This was after the first Eurogroup, on March 15, when it was decided to impose a haircut on all deposits, in all banks, to raise €5.8 billion, Stavrinakis said.
“Since they did not succeed in securing the capital and none of their efforts yielded a result, why are they asking for the fee,” Stavrinakis was quoted as saying.
Meanwhile, the House Ethics Committee has asked to see the contract signed between A&M and the CBC.
Committee chairman Demetris Syllouris suggested also looking into whether these companies had contributed to the destruction of the island’s banking system.
Referring to PIMCO, a company hired by the CBC to carry out an audit on bank portfolios to determine recapitalisation needs, Syllouris said the manner they evaluated immovable property was unacceptable and wrong.
DISY, which was in opposition at the time, had accused the government and the CBC of deliberately allowing the figure to become so high in a bid to confirm the administration’s position that the banks were to blame for the mess the economy was in.
“We are not only asking for the contract. We also want to know the appointment procedures,” Syllouris said.
The MP said they also wanted to know how these companies operated before and after the haircut.
“For example, one of these companies had a young employee who more or less acted as if he was the manager of Bank of Cyprus and Laiki during those days,” Syllouris said.
He added that they also had information that A&M was trying to get new contracts and extend its role.
The Cyprus Mail was initially told that the CBC board would convene yesterday afternoon with the intention of seeking explanations, but sources later said the meeting had been cancelled.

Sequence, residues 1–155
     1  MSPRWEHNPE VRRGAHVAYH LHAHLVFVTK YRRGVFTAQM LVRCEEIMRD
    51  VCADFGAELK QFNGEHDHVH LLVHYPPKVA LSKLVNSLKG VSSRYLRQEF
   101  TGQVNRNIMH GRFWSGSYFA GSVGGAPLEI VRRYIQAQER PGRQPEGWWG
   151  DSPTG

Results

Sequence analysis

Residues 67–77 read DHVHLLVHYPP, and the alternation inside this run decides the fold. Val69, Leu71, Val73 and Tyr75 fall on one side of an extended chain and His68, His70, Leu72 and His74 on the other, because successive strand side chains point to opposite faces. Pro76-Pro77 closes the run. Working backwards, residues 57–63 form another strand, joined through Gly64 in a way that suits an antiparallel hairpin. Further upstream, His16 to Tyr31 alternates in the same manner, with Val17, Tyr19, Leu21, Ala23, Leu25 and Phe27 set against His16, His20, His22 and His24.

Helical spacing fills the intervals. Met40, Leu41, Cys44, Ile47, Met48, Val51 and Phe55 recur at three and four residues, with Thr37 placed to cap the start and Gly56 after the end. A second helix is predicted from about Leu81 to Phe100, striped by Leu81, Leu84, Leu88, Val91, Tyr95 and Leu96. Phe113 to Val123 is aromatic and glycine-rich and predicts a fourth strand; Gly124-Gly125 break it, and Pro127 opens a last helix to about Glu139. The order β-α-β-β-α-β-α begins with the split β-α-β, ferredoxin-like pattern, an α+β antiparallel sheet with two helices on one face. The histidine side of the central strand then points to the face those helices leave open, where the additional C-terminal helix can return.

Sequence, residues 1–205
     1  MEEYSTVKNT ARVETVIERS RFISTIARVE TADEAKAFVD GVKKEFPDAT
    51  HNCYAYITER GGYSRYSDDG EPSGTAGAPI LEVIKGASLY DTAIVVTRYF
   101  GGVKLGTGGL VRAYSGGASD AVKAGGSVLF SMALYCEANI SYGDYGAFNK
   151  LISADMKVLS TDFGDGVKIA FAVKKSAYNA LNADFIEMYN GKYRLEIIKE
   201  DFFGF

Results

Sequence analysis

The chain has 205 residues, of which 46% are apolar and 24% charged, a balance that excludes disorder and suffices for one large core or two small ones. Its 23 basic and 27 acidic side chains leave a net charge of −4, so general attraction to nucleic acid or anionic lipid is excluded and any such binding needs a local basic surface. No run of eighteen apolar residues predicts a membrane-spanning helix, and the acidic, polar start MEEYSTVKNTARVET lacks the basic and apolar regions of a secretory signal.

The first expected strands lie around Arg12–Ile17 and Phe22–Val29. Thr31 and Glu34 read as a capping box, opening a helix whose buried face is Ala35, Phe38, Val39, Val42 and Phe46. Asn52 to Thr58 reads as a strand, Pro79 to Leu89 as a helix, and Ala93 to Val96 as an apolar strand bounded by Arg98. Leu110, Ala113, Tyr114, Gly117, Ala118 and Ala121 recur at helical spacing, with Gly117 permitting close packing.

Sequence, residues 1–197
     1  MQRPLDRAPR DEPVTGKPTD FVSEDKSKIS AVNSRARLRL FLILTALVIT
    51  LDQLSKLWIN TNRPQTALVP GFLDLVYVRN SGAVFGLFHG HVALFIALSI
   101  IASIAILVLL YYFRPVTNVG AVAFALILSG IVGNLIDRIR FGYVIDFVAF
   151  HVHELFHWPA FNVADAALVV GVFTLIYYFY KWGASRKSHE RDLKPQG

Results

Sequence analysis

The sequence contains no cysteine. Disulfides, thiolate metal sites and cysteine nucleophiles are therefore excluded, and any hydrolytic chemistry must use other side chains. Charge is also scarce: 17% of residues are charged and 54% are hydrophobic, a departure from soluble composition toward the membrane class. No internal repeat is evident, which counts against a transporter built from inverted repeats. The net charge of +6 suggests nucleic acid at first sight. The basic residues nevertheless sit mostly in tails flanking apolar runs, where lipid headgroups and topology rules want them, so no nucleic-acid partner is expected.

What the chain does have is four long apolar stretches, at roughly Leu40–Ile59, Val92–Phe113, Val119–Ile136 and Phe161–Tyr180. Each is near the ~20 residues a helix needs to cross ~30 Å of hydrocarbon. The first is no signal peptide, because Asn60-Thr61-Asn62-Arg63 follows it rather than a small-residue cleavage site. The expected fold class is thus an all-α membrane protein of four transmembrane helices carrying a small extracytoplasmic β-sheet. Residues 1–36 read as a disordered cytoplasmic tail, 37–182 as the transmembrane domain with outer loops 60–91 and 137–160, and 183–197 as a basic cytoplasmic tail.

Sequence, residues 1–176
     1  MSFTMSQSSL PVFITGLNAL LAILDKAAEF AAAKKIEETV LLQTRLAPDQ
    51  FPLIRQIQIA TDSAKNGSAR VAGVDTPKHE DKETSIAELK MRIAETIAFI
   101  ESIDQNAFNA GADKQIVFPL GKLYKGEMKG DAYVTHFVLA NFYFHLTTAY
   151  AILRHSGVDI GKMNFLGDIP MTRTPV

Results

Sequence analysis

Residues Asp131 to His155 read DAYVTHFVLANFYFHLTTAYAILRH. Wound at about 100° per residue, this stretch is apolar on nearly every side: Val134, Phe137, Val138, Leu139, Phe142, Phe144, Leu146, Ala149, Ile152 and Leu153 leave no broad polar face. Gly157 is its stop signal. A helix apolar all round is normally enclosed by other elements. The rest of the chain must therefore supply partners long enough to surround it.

State broadcaster CyBC said the board would be meeting this Friday and some members might ask for Demetriades’ resignation. One board member, who did not want to be named, told the Cyprus Mail on Wednesday evening that he was not immediately aware of such a meeting.
The CBC had hired US-based A&M to lead a probe into the circumstances that led two of the island’s banks to seek state support.
A&M was also involved in restructuring the Bank of Cyprus (BoC), after the EU decided to recapitalise it by seizing deposits.
BoC also absorbed part of Laiki Bank, which was shut down as part of the island’s bailout agreement.
These decisions were taken by a second Eurogroup on March 25.
The Central Bank issued a second announcement on Wednesday evening on behalf of the governor in which it accused “certain quarters” of orchestrating efforts to force the governor to resign or to promote A&M interests.
The announcement said the attorney-general would be asked to intervene in relation with leaking confidential documents, “a serious criminal offense.”
“The publicity given to this issue is not only detrimental to the best interests of the CBC and the banking system, but could also cause serious damage to the Cyprus economy in general,” the announcement said.